Raiders of the Lost Ark (1981)

Viewed January 21st

Archaeology professor Indiana Jones travels around the world in a dangerous race with the Nazis to possess an invaluable religious artifact.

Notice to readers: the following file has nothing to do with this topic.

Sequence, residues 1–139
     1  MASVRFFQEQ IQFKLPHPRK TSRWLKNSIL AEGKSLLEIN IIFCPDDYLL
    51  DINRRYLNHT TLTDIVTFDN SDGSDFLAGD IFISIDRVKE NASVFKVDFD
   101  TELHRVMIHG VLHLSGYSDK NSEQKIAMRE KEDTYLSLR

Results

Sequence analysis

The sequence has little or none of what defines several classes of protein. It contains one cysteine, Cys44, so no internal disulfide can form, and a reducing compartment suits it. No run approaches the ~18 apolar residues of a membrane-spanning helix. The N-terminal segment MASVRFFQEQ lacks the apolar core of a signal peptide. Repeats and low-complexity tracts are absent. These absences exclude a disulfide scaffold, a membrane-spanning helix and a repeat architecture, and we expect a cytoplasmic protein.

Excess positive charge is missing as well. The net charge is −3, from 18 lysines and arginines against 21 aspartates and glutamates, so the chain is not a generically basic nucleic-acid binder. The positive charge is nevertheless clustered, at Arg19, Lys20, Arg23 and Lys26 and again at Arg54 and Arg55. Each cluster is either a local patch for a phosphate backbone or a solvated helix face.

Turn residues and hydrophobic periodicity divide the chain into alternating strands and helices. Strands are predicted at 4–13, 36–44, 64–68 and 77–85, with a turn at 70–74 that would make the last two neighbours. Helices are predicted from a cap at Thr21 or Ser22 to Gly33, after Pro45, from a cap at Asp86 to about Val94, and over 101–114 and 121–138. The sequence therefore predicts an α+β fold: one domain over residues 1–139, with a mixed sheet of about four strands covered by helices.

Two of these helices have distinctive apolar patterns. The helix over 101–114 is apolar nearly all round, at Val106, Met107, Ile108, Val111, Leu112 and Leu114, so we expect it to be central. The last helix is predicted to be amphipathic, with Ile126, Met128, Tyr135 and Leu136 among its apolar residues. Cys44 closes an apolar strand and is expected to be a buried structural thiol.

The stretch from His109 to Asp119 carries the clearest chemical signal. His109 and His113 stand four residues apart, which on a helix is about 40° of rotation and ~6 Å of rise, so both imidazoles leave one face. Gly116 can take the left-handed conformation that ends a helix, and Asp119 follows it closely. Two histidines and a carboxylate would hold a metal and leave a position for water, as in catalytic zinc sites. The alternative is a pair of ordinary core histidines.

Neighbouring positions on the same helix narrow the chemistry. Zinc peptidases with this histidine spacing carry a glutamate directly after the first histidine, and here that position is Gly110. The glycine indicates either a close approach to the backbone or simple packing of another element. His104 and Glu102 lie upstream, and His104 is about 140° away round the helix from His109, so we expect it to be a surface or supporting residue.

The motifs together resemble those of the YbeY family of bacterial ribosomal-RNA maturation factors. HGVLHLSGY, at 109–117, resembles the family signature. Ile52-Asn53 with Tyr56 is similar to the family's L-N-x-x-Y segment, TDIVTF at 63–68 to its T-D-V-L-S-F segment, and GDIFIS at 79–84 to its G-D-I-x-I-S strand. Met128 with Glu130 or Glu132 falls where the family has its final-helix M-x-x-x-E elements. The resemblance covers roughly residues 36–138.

There's the perfectly crafted flow of kinetic action scenes. There's director Steven Spielberg's seamless mastery of widescreen composition. But the film's greatest strength is perhaps Harrison Ford's star performance. When he's on-screen and the camera catches his eye, things crackle and feel funnier and more consequential. The myth Ford projects through his character is the white academic adventurer. It's a fantasy of Euro male virility: perpetual stubble, khaki and dusty leather, running through primitive lands, killing the natives, stealing their culture without fear of retribution. It's of course wildly problematic. And the film offers no critical reflection on that. The intention, of course, is not to be about these academic issues but to give audiences a slick b-movie, tech-triumph, thrill ride cinematic fantasy. But even on that more visceral level, does it work? Maybe not as well as it could. There are multiple reasons, but one is that the film's central romantic relationship features one star, but not two. By way of contrast, in Star Wars (also based on old adventure serials and also featuring Ford), things worked better. In that film, Ford is paired with another genuine star, Carrie Fisher, and they have chemistry, an alchemical magic that generates even more cinematic mythic surplus. (Or you could say he's involved in a triangle with Fisher and Mark Hamill's Luke Skywalker, but, either way, the result is the same because Hamill turns in a star performance, too). Star Wars is just as based on the idea of dressing-up corny b-movie tropes, but it all goes further and feels more elemental in comparison with Raiders of the Lost Ark. Karen Allen in Raiders is perfectly fine, but she doesn't have that star quality, that mythos that Carrie Fisher projects as Princess Leia. When Allen appears in a virginal white dress during her captivity at the hands of the French archaeologist collaborating with the Nazis, the audience should feel their breath taken away, but that doesn't happen. She can't generate those sparks the way Carrie Fisher can. When a snake curls through the Karen Allen character's white high heel shoe, it fills in some of the blanks. It's erotic and sears an archetypal image into the viewer's brain, but it's no substitute for the chemistry of two stars on screen together.